Citation: Unfortunate. "Then and Now: An Experience with Alcohol (exp21455)". Erowid.org. Feb 19, 2003. erowid.org/exp/21455
I am only writing from my own experience here; yours may be different.
1) ---Its effects on me during the years I 'discovered' it---
I first got drunk at the age of 17. I remember the afternoon well. I had finished school and was bored. I would be alone for at least a couple of hours. I stole some sherry from the cupboard and drank some.
I felt 'inflated' and exhilerated. My head spun slightly, but my mind was still the same mind that I used in daily life. I had not changed; but my point of view was different. I felt relaxed and confident. I felt silly. I felt like dancing around and hugging people. And I 'recognized' the feeling somehow. The ludicrous thought that in a previous life I was an alcoholic dashed through my mind. Basically my mood was enhanced. When I looked at the bottle of sherry, I thought, 'Where have you been all my life?'
I felt full of myself. I could easily picture myself in impressive situations, for instance imagining myself as lead guitarist and genius in my favourite band. It was easy to fall into silent egocentric reverie when drunk (it still is, for me, today). Alcohol was like a cross between ecstasy and cocaine. Some features of both. It is interesting that alcohol's deadening effects, similar in some ways to tranquilisers, never manifested themselves to me until many years later. When drunk, I was infused with energy and could only celebrate life. Of course, drinking too much resulted in head-spins and early nights, so to that extent I was aware that alcohol slows things down. But to that extent only. In all other respects, alcohol was a pure stimulant.
I soon discovered that, when drunk, the desire for the 'new' and 'innovative' fades, and much pleasure is derived from the 'familiar'. This is no more startlingly illustrated that by music. When drunk, I wanted only to hear songs I'd heard before; I had no patience to sit through an 'unproven' clump of songs off a new album. I believe this effect of alcohol is not unusual and explains the predominance in pubs of 'oldies' at the jukebox. And it's not to say that the power of these older, more familiar songs diminishes when drunk; to the contrary, I could see infinite emotions in my favourite tunes. It was merely a change in preference.
A 'hangover' is primarily dehydration. There's little else to it. Some people react to this dehydration differently. Keeping hydrated, I can avoid feeling bad the next day.
So, euphoria, light-headedness and relaxation were the effects of alcohol when I was a teenager.
2) ---The change in my worldview that occurred after my first experiences---
I remember the exhilerated, relieved phone call I made to my friend the first time I took alcohol: 'I'm drunk! You're never going to believe this, I'm drunk!' Sounds stupid but the meaning, which I never expressed, was more profound: 'I've realized that there's more to life! There are other states of conciousness! What does philosophy have to say about this fact? And it's a FACT! I just proved it. I know it to be true, since I am drunk myself right now. First-hand knowledge. What is the Universe?'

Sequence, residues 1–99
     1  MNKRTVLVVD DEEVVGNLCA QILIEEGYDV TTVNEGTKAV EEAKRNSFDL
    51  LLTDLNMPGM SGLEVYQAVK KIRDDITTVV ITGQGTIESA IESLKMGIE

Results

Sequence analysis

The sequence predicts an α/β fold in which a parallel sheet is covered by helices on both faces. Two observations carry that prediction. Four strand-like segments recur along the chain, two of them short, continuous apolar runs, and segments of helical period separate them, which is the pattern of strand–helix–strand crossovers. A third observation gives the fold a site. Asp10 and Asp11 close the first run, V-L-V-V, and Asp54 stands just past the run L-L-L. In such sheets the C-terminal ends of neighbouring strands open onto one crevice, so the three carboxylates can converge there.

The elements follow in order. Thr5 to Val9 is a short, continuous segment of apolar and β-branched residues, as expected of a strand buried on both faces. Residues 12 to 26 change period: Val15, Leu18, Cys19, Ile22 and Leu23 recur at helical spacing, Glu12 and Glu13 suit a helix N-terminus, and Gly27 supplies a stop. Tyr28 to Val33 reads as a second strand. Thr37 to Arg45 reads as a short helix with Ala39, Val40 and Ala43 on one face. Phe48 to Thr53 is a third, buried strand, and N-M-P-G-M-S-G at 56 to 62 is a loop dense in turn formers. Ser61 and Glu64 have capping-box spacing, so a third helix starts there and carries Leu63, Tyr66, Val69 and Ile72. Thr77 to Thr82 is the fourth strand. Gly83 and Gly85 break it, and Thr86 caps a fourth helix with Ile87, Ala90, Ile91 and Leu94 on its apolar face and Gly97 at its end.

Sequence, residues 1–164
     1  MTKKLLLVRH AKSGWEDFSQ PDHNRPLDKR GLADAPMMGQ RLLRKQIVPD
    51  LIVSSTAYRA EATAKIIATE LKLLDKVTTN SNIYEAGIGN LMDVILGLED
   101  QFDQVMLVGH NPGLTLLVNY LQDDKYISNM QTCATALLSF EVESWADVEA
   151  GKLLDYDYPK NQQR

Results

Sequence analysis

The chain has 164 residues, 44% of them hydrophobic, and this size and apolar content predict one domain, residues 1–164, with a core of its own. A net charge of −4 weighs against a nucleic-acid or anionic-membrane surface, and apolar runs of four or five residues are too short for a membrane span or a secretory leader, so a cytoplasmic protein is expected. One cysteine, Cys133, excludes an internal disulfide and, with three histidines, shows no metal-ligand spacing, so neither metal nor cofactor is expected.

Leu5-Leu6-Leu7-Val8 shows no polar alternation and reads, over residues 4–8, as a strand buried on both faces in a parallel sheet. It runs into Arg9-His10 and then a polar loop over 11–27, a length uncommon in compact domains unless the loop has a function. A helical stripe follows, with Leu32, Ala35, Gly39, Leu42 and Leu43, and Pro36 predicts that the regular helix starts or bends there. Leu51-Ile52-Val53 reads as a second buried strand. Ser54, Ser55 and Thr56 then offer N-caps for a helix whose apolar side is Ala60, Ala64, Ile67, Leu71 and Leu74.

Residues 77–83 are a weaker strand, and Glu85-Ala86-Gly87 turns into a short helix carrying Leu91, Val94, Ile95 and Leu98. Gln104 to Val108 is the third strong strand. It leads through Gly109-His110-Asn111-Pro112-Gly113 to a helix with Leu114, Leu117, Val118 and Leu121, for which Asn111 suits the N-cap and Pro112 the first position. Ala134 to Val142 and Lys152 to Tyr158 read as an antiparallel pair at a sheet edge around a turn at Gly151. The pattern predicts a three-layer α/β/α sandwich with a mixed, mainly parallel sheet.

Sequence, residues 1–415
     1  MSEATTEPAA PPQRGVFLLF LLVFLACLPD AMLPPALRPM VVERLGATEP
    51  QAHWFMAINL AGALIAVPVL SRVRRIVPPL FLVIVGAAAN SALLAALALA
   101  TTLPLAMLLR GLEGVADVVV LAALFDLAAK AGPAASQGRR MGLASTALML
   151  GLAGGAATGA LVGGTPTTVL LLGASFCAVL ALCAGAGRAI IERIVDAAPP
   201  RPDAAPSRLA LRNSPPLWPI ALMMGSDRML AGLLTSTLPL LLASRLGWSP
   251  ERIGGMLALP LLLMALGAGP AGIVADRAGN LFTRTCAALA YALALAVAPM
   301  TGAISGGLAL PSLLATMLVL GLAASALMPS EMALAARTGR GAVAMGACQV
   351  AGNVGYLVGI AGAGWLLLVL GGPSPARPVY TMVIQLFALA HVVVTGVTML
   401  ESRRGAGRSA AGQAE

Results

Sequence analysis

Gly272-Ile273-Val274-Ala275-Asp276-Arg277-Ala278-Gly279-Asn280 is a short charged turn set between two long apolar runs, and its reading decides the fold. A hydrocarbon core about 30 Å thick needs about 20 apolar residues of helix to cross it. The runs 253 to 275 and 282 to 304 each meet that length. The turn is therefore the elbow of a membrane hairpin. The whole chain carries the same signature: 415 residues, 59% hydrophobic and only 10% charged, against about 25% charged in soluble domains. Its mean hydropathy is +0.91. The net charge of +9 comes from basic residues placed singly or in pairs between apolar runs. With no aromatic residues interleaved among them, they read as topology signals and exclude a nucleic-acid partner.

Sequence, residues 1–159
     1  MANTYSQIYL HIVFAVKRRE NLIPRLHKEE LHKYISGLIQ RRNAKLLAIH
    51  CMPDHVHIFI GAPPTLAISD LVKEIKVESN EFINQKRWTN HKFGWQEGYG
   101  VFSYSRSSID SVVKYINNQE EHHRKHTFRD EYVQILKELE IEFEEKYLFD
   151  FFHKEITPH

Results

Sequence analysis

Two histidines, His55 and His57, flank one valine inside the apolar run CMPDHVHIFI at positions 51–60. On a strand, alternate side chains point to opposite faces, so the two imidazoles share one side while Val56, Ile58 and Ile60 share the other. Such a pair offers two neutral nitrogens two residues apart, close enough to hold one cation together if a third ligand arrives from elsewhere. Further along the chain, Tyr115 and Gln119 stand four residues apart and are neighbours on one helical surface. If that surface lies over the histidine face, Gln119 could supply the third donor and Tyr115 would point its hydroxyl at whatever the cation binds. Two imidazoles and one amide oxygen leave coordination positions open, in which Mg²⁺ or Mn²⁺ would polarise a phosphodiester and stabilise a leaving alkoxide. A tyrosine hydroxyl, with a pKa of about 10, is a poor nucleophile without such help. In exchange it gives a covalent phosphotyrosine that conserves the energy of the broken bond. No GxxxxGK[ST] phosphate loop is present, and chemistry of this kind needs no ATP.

A period in my life occurred where the 'doors opened'. I had renewed zest for life in the long term. I tried other drugs too, many with dreadful results (marijuana especially). Alcohol helped me with girls. It helped me relate to others. It improved my confidence (at times, too much). It made me into a more intersting person, to be honest.
3) ---What its effects on me are now, eleven years after I first got drunk---
What does alcohol do to me now? I have been through periods where I haven't touched a glass for months; I have been through periods where hardly a night passes without getting drunk. I am more aware that the 'me' that I experience when drunk is not, in fact, the 'me' that others around me experience. To some people, that would be crushing; to me it is merely interesting. A selfish guy, I suppose.
More importantly, the euphoric effects of alcohol, no matter what the dose, have diminished profoundly. Whereas I could once be assured of a great time simply by virtue of drinking a bottle of champagne, I now find that the same bottle will more likely than not send me to sleep, with a depressed and anxious day to follow.
I have reached a point where I simply cannot understand grown men and women who become dependent on this drug. It seems to me a useless substance whose effects on grown-ups, as opposed to alcohol-naive youngsters, is simply not worth the hangover. Not to mention that this stuff tastes terrible to me, in all its forms (beer, wine, spirits, liqueurs), no matter what people pretend! If it tasted good, people would be drunk more frequently than they are. It's nature's own bio-feedback mechanism. Keeps most of us under control. In the same way, I view the increasing likelihood of alcohol to result in a bad or indifferent experience as another 'autofeedback' situation.
Absinthe restores part of the euphoria and clarity of the original experience, but that is another story.
So there we go! That's what I think of the most common psychoactive substance (significantly psychoactive, I mean) that humans indulge in.
Peace to you.
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